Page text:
The Most Commonly Asked Questions by Home Buyers
Buying a house is an important step to resolving the housing issue. It’s an event that brings joy to many because it signifies the start of a new chapter. But there can also be anxiety regarding the necessary paperwork and what the offer entails. You need to determine whether the house you’re interested in is “the one” before committing. But how can you choose your ideal home when there are so many possibilities and so much competition? The key to buying a new home is figuring out which one will be the best for you. The process includes thoroughly researching, asking the right questions, and being open-minded. So if you want to know what these questions are, then this blog is for you.
For today’s blog, exclusive for our Core members, we will help you get started, we bring you a list of the most common questions homebuyers ask. We also offer an in-depth background behind them to further assist your home buying process. So to weed out the duds from the diamonds, here are the most commonly asked questions to ask when buying a house.
The first one is to ask yourself, “What is my total budget?”. Don’t waste your time looking at houses without first understanding how much house you can afford. It is important to thoroughly understand what your financial situation is before looking for a house. There are many factors that you will need to account for when buying a home, such as property tax, insurance, and maintenance before even adding the cost of renovations. Annual costs for homeownership include repairs and homeowner’s association fees, but the financial benefits might not be realized for years.
Wendy Mays from Berkshire Hathaway HomeServices in Chula Vista, California summarizes, “With all the other added expense that comes with homeownership, like repairs and homeowner’s association fees, you may not see the financial benefits for several years.” The seller may not want to work with a buyer that does not show they have the means to purchase their house. To do this, you will need to get preapproved for borrowing money for the purchase. “Not only does preapproval give the buyer an idea of what they can afford, but it also gives the Realtor assurance that they’re showing a qualified buyer a home,” says Joey Sampaga, a Realtor with Keller Williams Legacy One in Phoenix. “It shows you’re not wasting the seller’s time.”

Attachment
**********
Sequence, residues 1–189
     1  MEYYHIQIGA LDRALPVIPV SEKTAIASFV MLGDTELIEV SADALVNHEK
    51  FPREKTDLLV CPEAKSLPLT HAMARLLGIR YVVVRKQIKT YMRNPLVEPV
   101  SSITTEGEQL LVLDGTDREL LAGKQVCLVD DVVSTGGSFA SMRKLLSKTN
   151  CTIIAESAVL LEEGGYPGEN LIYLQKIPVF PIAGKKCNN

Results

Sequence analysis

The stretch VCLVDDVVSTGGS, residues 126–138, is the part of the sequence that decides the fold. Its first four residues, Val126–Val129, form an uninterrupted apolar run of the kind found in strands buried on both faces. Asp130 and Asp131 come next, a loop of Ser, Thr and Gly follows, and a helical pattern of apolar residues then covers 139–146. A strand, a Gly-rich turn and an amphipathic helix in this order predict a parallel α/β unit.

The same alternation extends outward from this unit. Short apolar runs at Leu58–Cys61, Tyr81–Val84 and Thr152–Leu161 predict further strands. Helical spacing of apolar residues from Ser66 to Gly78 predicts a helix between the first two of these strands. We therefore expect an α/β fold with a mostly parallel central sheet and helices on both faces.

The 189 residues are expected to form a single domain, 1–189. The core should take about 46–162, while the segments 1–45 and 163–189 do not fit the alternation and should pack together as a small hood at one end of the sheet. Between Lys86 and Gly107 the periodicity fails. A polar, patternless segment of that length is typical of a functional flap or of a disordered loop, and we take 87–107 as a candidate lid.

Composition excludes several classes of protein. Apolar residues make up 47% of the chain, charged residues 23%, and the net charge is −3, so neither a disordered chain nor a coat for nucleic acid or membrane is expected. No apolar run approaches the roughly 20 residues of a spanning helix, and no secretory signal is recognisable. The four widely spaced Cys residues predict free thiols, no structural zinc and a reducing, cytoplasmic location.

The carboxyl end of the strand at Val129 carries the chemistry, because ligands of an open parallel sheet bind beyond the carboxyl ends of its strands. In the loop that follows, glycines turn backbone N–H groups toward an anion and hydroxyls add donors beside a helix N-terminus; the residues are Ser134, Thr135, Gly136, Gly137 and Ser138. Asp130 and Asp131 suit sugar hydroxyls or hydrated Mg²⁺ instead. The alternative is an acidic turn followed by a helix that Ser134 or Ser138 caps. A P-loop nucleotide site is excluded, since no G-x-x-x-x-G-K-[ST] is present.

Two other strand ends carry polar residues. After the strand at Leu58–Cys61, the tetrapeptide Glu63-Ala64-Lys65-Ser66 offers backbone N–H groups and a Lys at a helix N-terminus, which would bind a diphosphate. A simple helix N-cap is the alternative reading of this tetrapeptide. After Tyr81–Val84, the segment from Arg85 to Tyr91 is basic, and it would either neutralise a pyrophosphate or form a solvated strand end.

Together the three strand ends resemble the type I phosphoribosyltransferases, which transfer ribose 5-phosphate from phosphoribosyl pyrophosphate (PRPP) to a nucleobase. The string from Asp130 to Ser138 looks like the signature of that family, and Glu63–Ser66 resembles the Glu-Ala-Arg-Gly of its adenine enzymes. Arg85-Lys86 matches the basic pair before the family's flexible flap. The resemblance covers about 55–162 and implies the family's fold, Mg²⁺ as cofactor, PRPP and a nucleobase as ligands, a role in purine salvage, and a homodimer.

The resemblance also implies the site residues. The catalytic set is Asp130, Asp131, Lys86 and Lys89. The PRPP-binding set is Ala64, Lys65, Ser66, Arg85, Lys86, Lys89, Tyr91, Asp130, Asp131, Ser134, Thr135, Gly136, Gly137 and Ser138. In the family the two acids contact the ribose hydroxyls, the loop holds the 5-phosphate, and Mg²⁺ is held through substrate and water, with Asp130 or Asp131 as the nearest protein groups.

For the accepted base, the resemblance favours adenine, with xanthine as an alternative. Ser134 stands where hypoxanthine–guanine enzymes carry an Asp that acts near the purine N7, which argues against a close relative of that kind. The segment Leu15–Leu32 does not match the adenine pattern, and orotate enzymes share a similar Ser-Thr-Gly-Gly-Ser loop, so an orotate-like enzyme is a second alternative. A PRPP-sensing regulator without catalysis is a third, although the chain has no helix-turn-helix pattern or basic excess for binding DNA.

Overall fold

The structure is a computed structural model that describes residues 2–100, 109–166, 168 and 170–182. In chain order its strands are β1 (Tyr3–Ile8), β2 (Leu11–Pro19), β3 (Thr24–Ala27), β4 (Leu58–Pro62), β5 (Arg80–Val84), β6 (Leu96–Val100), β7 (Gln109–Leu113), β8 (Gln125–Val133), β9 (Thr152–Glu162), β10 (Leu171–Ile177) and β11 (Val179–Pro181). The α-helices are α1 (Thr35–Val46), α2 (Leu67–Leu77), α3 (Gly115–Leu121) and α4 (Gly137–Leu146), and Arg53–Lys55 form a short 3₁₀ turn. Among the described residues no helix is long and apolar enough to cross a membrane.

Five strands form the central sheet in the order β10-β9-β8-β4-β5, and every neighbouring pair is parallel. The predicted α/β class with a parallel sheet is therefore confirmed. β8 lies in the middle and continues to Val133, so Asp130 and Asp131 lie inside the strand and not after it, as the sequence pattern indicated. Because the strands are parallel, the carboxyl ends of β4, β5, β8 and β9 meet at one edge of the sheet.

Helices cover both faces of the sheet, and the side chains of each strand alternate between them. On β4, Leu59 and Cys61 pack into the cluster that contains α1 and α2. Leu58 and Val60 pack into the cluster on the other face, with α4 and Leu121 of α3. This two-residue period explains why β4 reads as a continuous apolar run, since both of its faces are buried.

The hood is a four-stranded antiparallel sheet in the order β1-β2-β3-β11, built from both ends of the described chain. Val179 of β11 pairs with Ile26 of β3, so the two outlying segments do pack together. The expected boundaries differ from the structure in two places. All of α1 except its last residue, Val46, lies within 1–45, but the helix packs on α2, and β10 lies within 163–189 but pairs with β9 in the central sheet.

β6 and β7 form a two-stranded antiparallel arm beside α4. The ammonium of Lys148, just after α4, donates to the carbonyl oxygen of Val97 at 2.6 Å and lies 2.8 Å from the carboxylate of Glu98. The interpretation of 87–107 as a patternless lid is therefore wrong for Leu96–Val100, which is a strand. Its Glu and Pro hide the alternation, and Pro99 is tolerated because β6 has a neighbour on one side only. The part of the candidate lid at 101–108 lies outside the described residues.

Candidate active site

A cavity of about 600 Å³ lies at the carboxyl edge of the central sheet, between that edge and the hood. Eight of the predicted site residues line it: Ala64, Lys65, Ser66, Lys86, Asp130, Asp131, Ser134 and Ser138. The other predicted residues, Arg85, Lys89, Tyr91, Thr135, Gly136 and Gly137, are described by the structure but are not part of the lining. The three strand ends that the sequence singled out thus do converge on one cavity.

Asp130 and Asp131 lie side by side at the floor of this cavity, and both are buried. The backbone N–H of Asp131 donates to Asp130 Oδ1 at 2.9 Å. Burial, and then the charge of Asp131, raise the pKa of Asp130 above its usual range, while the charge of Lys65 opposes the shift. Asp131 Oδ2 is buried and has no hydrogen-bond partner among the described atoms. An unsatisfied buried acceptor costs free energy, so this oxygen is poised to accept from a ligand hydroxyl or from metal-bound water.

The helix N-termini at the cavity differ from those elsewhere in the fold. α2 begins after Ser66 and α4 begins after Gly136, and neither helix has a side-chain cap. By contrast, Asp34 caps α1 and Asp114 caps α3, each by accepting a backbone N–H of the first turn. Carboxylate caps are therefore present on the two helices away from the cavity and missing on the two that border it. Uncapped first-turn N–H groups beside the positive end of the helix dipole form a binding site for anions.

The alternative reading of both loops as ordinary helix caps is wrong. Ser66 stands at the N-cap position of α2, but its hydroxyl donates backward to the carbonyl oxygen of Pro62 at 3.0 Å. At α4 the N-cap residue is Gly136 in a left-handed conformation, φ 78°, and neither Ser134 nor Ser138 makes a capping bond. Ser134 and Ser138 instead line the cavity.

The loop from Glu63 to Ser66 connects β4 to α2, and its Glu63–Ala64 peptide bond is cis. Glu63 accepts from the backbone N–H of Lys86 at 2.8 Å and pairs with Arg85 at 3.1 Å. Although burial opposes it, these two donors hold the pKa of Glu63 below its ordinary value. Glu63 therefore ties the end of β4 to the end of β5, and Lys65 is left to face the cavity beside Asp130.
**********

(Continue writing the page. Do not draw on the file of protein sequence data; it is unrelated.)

With that, you might be asking if your credit score is a factor in your ability to purchase a home. A credit score is a numerical representation of an individual’s credit history that provides banks with a glimpse into their financial situation. Mortgage lenders use the score to determine who will get loans and with what interest rate. The higher the value, the more likely an individual will get approved for a loan with a favorable interest rate.
If your credit score is low, it will take a while to get a loan, but you should try to make all the corrections required before you apply. Check your information with Equifax and TransUnion as well as Experian. You may be giving lenders a bad impression if you only check one company’s records before applying for a mortgage.
Now you might be wondering if you should sell your present home before buying another. While it’s important to consider one’s financial situation when buying a new house, this is a complicated process that also depends on their housing needs. For example, if you want more equity for your home so you can purchase a new one or finish a financing plan, then you should sell the present property before moving on. However, clients might need temporary accommodation from a close friend or family member or a short-term rental.
If you already have a home in mind, you might be asking how much money you need to put down as a down payment. It is difficult for first-time home buyers to save up for a down payment, due to requirements set by lenders. There are different requirements, such as a 5% to 20% down payment that depends on the loan provider and the kind of mortgage. FHA loans require at least 3.5% for a down payment. Veterans can often obtain VA loans, which require no money down. Alternatively, rural homeowners may qualify for USDA loans, which do not require a payment up front.
So is it necessary to hire a real estate agent, and if so, how much should they charge you? Yes, real estate agents are experts in the field of home ownership. Real estate agents are trained professionals with an intimate knowledge of how to successfully invest in a home. When buying a home, they will act as your personal representative and be in charge of your best interests.
There are many benefits to using a real estate agent as a buyer when investing in a family or business property. Checking your finances is the first step. Another thing is that you don’t have to worry about paying them, in some cases. Because the seller pays all fees, the commission is shared between the seller’s agent and the buyer’s agent in a transaction.
Another thing you should consider is “Is the home in a flood zone or prone to other natural disasters?” You should be aware. If your home is located in a designated, high-risk flood zone then you need to purchase flood insurance. Use the FEMA Map Service to find out whether your property is in a high-risk flood zone. When living in regions where earthquakes are common, it is good to purchase earthquake insurance.